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Supreme Court Decision Ends Practice of Applying Section 1146(a)'s Exemption for Stamp and Transfer Taxes to Pre-Confirmation Asset Sales


One of the "practical realities" of Chapter 11 proceedings is that asset sales often occur before the plan confirmation process begins. Many participants in the distressed debt market seek to capitalize on pre-confirmation asset sales. Although there are many factors driving value in such opportunities, one benefit has been that some courts (depending on the jurisdiction) find such sales exempt from stamp and similar transfer taxes pursuant to Section 1146(a) (which was Section 1146(c) before BAPCPA was enacted in 2005) of the Bankruptcy Code.

On June 16, 2008, the U.S. Supreme Court changed this reality when it held "that § 1146(a)'s stamp-tax exemption does not apply to transfers made before a plan is confirmed under Chapter 11". Florida Dep't of Rev. v. Piccadilly Cafeterias, Inc., 554 U.S. ___ (2008) (Thomas, J.) (slip op., at 1). In this 7-2 decision, the Supreme Court resolved a split among the U.S. Courts of Appeal for the Third, Fourth and Eleventh Circuits and gave Florida the ability to collect $39,200 in stamp taxes from Piccadilly. See In re Hechinger Inv. Co. of Del., 335 F.3d 243 (CA3 2003) and In re NVR, LP, 189 F.3d 442 (CA 4 1999) (each holding that Section 1146(a) does not apply to transactions that occur prior to confirmation of a plan) and compare In re Piccadilly Cafeterias, Inc., 484 F.3d 1299 (CA 11 2007) (holding that its reading better accounted for "the practical realities of Chapter 11 reorganization cases").

Section 1146(a) provides: "The issuance, transfer, or exchange of a security, or the making or delivery of an instrument of transfer under a plan confirmed under section 1129 of this title, may not be taxed under any law imposing a stamp tax or similar tax." 11 U.S.C. § 1146(a). The opinion delves into a textual analysis of whether or not the statute is ambiguous and goes on into canons of statutory construction. We'll not repeat here the opposing arguments and analysis of what the word "under" means or whether the phrase "under a plan confirmed" means "under a plan that has been confirmed". The question of interpretation centers on whether or not the statute should be read to include a temporal limitation. The majority concluded that there is a limitation, i.e., the tax exemption applies only to post-confirmation transfers. In his dissenting opinion, Justice Breyer chides the majority for not considering "Why would Congress have insisted upon temporal limits?" Piccadilly, 554 U.S. ___ (2008) (dissenting op., at 4) (emphasis in original).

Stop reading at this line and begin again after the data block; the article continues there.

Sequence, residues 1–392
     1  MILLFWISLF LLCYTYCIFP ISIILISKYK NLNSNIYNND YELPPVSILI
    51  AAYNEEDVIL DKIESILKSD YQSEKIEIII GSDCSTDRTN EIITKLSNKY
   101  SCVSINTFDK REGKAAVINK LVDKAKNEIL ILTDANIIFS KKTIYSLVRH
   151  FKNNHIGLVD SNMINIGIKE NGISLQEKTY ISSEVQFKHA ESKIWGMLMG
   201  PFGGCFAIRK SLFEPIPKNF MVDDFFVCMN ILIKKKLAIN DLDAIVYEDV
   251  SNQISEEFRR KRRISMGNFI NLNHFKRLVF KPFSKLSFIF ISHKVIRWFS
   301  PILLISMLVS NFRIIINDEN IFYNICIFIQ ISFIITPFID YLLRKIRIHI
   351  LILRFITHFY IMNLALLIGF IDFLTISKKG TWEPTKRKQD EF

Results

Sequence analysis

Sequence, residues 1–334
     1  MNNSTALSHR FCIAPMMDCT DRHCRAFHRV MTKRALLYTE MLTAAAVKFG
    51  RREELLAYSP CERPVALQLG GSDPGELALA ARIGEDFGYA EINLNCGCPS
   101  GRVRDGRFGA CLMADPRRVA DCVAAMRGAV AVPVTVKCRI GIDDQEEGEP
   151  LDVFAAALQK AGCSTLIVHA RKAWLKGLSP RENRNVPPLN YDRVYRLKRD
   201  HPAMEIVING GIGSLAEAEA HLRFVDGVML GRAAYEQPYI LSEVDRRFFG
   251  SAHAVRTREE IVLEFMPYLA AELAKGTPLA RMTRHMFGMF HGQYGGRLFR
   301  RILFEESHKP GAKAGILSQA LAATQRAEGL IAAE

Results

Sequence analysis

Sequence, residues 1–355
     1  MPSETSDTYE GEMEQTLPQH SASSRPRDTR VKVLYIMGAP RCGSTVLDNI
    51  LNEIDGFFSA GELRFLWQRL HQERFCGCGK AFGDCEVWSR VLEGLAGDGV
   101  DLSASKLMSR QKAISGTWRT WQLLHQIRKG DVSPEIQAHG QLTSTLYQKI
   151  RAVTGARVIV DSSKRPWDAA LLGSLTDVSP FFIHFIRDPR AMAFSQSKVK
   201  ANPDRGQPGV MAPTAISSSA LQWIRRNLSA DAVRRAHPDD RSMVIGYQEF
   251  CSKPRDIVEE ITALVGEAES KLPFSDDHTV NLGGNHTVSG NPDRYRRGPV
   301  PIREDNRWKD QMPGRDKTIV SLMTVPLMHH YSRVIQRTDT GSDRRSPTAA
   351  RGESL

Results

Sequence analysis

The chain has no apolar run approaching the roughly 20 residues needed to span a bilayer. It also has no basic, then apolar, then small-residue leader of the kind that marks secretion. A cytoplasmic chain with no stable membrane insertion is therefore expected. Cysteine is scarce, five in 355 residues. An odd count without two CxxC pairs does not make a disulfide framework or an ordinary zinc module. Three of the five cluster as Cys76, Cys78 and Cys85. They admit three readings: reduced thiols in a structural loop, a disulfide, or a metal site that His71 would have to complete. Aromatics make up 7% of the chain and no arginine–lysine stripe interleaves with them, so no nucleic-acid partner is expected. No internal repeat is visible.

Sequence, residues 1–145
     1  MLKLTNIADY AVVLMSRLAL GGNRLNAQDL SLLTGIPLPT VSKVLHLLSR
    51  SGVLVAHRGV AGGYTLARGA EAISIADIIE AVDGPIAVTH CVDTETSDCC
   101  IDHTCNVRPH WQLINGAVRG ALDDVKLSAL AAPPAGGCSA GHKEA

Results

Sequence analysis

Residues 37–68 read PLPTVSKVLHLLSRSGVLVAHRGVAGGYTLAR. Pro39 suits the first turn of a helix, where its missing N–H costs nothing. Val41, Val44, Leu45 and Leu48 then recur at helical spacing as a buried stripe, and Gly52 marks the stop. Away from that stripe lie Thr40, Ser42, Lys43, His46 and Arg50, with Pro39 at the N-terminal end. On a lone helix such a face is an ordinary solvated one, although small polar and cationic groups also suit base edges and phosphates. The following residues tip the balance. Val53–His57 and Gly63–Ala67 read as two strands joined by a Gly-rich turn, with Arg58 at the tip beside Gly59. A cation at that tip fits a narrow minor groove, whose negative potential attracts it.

The Supreme Court also was persuaded by Florida's invocation of the substantive federalism canon that "courts should 'proceed carefully when asked to recognize an exemption from state taxation that Congress has not clearly expressed.'" Id. (slip op., at 14) (quoting California State Bd. of Equalization v. Sierra Summit, Inc., 490 U.S. 844, 851-52 (1989)). The Court determined that it was obliged under that canon to construe Section 1146(a)'s exemption narrowly. Incisively, Justice Breyer rejoins: "But when, as here, we interpret a provision the express point of which is to exempt some category of state taxation, how can the statement in Sierra Summit prove determinative?" Id. (dissenting op., at 3) (emphasis in original).

In siding with Florida's interpretation, Justice Thomas and the majority found "no absurdity" in their reading of the statute, which set a "bright-line rule". Id. (slip op., at 18). The decision succinctly closed by stated: "The most natural reading of § 1146(a)'s text, the provision's placement within the Code, and applicable substantive canons all lead to the same conclusion: Section 1146(a) affords a stamp-tax exemption only to transfers made pursuant to a Chapter 11 plan that has been confirmed." Id. (slip op., at 19).

At the end of its analysis, just before concluding, the Court addressed the "practical realities" of Chapter 11: "Lastly, to the extent the 'practical realities' of Chapter 11 reorganizations are increasingly rendering postconfirmation transfers a thing of the past, it is incumbent upon the Legislature, and not the Judiciary, to determine whether § 1146(a) is in need of revision." Id. (slip op., at 19) (internal citations omitted).

While the market for distressed assets waits for Congress to act, market participants will do well to note this important development as they price their next deal.

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